At the Centennial Celebration and refresher course in San Fransisco, we were encouraged not to only use the catalog version of the cards and counters that are found in so many primary classrooms but to also make our own. The speaker said that Mario Montessori asked that beautiful things be used for the counters such as beads, shells and semi-precious stones.
I take an extra look at this material when I substitute in various classrooms so as to see if the teacher has put together one herself or purchased one. Today I photographed a child using a cards and counters material that I was drawn to myself. I wanted to sit down and do the work after him just so that I could touch it and experience its beauty.
Besides the aesthetic quality of the material, I really liked that the object for the one was larger than several of the objects used for greater quantities like 6 or 9. I have found that a child making a short bead stair will be thrown off if the bead bar for 4 is longer in length than the one for 7. This happens when a bead bar is lost and is replaced with one from another set.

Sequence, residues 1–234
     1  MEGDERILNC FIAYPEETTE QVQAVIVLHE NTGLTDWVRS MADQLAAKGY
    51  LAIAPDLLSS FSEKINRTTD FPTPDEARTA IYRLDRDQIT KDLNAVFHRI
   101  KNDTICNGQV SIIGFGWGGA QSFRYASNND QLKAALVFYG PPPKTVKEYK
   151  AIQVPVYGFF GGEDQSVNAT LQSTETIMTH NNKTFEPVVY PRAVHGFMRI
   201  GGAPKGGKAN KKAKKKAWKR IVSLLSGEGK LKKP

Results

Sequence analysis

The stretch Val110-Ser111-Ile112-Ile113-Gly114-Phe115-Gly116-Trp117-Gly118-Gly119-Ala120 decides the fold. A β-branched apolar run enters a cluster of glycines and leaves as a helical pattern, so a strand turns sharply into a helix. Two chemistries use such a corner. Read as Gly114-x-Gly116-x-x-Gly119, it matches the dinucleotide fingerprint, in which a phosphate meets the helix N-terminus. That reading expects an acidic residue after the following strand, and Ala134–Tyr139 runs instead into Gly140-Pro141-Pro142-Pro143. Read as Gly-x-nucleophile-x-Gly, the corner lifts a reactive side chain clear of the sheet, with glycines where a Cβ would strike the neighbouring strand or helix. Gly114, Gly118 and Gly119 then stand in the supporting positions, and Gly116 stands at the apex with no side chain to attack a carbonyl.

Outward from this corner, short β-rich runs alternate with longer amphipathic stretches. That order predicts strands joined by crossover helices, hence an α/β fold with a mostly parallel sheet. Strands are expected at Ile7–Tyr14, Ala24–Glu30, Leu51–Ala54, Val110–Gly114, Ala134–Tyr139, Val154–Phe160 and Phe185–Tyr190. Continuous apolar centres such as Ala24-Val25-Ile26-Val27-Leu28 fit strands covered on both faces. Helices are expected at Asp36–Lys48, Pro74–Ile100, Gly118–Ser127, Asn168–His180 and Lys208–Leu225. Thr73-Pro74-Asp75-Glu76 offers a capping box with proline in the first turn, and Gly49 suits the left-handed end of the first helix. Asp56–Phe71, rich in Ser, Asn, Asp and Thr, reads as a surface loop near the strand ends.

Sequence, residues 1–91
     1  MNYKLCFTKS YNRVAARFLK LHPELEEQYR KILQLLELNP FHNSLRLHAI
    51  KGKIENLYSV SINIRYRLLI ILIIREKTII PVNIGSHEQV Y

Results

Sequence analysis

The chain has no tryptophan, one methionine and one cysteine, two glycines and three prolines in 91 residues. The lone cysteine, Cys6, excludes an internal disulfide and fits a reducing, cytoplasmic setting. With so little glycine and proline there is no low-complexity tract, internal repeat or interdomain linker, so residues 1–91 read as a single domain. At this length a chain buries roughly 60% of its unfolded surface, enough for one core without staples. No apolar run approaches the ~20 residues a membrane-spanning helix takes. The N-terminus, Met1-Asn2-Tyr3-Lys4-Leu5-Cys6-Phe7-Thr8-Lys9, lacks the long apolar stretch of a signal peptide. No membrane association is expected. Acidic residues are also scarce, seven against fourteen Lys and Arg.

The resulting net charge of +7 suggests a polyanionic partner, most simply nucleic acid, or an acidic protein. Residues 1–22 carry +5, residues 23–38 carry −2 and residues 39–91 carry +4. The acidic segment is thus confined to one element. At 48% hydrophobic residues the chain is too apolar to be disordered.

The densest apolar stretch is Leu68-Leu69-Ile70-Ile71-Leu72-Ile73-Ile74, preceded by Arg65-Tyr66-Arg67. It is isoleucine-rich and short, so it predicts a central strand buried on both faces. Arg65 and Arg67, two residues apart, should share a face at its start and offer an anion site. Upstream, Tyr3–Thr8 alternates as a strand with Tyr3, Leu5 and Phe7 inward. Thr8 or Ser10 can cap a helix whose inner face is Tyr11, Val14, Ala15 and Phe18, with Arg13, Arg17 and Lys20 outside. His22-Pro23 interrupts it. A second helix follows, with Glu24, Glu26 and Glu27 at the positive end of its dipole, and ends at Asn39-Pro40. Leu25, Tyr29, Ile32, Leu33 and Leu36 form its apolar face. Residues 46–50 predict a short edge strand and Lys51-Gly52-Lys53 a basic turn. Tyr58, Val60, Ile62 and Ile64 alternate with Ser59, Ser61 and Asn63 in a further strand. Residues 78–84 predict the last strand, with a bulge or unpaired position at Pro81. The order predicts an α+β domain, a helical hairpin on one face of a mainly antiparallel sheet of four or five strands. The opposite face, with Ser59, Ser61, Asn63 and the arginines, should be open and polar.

On many occasions, I have told children to count the bead bars and note their quantity, rather than visually assessing one to be larger and therefore judging it to have more value. But, again and again, I have seen children become upset as their sense of order tells them its incorrect.
In today's set of cards and counters, the objects are the same if they collectively represent a specific quantity. Their common attribute is that they have something to do with the ocean or beach - shells and sea glass.
Look at each picture below and ask yourself which one you would want to work with. Let me know via your comments.
Catalog cards and counters:
The cards and counters in today's classroom:
(I just noticed he has three shells under the 3 and the 4. I am substituting in the same class tomorrow. I will check to see if there is a shell missing...)